How do we listen to music now? That question might at first prompt a quick checklist of our tech gear — the tools of mechanical reproduction and propagation that have become ever more refined over the 143 years since Thomas Edison first introduced the wax cylinder. But several months into the coronavirus pandemic — with our experience of live performances at best limited to streaming — many of us have been forced to rethink our relationship to music itself.
How we listen now comes with a fresh awareness of the fragility, the vulnerability of this art — the very traits that make it so transformative. For music exists most fully as a live, present-tense exchange among what Benjamin Britten famously termed the “Holy Trinity” of audience, performer, and composer. Music is an art of transitions. It travels between these vertices in unrepeatable ways, tracing interactive pathways that are unique to each performance. And, in the process, music moves from the material to the immaterial. By definition bound to time, it exists through ephemeral sounds that reverberate in a specific space. Yet music simultaneously occupies a realm, inscribed in memory, that defies time and physical distance.
All of these topics come into play in the program that Matthias Pintscher planned for the 2020 Ojai Festival. Against the backdrop of the current crisis, his vision has an added resonance that is uncanny, since Pintscher’s core approach to music is to shake away facile assumptions, inviting the audience to question again the very basis of how they listen, and to listen with heightened awareness — to intriguing discoveries from contemporary composers and familiar repertoire alike. The metaphor of a landscape appears frequently in his discussions of music:
“Landscapes are mostly diverse. Landscapes hold surprises and are deeply human in the end. Music somehow has the same vulnerability and sensitivity as a landscape. You have to care deeply when you put together a program or cultivate a landscape. These are all works that have been part of my life for a long time. As music director, you bring works and flavors and personalities that people have never heard of, and you present pieces they know in a new light.”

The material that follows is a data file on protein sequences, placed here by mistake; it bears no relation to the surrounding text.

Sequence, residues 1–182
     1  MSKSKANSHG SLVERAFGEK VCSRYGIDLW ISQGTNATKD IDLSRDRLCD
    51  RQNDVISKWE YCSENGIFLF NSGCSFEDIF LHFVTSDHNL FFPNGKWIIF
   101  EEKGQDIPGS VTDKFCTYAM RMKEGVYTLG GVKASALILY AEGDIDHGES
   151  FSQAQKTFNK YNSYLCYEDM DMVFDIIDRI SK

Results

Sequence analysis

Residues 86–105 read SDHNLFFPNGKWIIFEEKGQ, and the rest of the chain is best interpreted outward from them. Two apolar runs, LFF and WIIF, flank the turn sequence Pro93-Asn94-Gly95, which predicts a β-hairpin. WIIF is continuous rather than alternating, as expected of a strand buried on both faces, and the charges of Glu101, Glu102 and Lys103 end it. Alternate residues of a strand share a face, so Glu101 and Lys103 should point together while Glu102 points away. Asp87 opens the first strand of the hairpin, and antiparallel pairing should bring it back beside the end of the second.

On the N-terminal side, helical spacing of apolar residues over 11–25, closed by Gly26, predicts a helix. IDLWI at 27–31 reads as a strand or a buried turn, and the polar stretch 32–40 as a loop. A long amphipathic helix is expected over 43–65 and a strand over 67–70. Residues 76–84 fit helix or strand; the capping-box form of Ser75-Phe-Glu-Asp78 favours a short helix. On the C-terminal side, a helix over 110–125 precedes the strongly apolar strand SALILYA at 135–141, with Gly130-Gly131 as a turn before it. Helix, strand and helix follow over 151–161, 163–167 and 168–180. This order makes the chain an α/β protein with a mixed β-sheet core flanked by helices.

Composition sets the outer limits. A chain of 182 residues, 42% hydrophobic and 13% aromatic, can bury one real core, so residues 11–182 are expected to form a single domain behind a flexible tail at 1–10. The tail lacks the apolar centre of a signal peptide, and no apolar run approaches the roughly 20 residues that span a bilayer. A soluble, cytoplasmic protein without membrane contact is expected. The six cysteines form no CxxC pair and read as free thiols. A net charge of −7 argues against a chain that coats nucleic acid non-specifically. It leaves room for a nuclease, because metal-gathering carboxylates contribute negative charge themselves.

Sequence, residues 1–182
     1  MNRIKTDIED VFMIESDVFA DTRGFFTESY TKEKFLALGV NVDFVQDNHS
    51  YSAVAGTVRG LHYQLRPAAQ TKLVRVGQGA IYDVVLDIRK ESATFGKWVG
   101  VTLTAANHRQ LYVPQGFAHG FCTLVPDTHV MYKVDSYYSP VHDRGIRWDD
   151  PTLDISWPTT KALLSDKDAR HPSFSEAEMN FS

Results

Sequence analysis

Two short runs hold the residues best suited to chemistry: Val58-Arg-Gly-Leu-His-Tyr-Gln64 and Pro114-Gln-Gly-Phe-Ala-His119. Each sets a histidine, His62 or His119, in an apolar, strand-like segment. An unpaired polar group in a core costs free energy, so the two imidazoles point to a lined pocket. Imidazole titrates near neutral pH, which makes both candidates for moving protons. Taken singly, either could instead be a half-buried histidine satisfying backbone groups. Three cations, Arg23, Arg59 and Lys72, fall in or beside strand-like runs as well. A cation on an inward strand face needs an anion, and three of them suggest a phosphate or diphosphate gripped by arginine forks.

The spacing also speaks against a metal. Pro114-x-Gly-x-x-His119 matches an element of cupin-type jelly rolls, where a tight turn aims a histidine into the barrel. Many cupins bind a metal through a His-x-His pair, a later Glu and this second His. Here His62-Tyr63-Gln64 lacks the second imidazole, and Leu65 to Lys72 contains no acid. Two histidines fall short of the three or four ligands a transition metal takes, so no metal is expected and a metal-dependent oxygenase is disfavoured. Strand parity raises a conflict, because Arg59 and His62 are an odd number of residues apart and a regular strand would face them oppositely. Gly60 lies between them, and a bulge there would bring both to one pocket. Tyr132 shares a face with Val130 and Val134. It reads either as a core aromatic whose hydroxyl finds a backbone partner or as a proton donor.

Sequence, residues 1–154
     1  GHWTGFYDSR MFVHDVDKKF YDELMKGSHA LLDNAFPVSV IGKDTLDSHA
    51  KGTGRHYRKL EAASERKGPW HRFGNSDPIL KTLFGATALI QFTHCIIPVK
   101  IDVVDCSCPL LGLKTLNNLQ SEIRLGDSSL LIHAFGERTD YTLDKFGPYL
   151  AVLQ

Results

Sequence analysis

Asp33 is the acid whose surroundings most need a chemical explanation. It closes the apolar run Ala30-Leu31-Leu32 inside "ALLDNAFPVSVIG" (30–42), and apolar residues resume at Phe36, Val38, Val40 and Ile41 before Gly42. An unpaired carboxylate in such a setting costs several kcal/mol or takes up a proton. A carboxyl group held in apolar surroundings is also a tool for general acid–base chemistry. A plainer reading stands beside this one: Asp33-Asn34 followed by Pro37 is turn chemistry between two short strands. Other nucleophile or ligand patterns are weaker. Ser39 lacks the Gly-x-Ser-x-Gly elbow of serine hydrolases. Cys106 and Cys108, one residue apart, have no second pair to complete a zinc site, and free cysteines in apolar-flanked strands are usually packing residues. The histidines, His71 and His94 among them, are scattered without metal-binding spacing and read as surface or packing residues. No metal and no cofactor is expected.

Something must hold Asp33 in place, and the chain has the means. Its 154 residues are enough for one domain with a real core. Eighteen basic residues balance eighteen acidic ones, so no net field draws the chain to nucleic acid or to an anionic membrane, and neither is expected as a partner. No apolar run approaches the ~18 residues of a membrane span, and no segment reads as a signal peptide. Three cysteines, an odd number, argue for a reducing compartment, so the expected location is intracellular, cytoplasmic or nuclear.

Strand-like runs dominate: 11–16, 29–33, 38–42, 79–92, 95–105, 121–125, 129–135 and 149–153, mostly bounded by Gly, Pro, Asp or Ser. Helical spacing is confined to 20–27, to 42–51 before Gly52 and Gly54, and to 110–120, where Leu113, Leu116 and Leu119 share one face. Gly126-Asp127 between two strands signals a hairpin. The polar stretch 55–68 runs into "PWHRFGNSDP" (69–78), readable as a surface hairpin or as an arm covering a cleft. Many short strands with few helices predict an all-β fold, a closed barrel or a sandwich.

Landscapes, like music, are also about transitions. Various kinds of transitions emerge from the underlying threads that link Pintscher’s intricately designed sequence of programs. Take the transition from his own mentor, Pierre Boulez, to himself and other peers who have navigated paths unforeseen by the postwar Modernists. Pintscher stands as a prime exemplar of these, combining formidable gifts as a composer, conductor, curator, and teacher. A self-described wanderer who was led by curiosity to leave his native Germany as a teenager and who lived in England and Israel in his 20s, Pintscher now divides his time, when not on the road, between Paris and Manhattan. His compositions often explore the transition from indistinct noise to the most refined timbral combinations. They draw on his love of visual art, poetry, and theater, transitioning among these different artistic media without betraying music’s inherent self-referentiality. The 2020 program encompasses a de facto retrospective of Pintscher’s instrumental writing, from an early string quartet that responds to Gesualdo’s late-Renaissance spiritual strife to his recent piano concerto Nur (the Hebrew word for fire), in which impulses from today’s young American avant-garde are discernible.
As a conductor educated in the fine details of Boulezian aesthetics, Pintscher fondly recalls the first score he studied with the Frenchman Debussy’s exquisite late ballet Jeux. Boulez’s simultaneous command of surface and structure, detail and design, “informed my insight into sound production, into what it means to tackle a style to conduct an orchestra.” Boulez himself proved to be a master of the “art of transition” in the sense in which Wagner used the phrase: with reference to Tristan und Isolde, where he described his ability to shift gradually from one extreme state to another as perhaps his “finest and deepest art.”
Pintscher ascribes Boulez’s outlook to a “consciousness of detail” that he associates with French culture (and with cooking, another passion). But this also coexists for Pintscher with a love of surprises, with unexpected juxtapositions. Olga Neuwirth’s music could hardly be more different, yet Pintscher, who has long felt a close rapport with his Austrian peer, is one of her most steadfast champions. He recently conducted the world premiere of her Virginia Woolf–inspired opera Orlando — the first opera commissioned from a female composer by the storied Vienna Staatsoper. The moment he began thinking up his ideal programming choices for Ojai, Pintscher says, he knew he wanted to spotlight Neuwirth. Before the pandemic, the plan was for him to conduct the U.S. premiere of Le encantadas, her immersive response to Herman Melville, in Los Angeles — a prelude to set the stage for the Ojai Festival.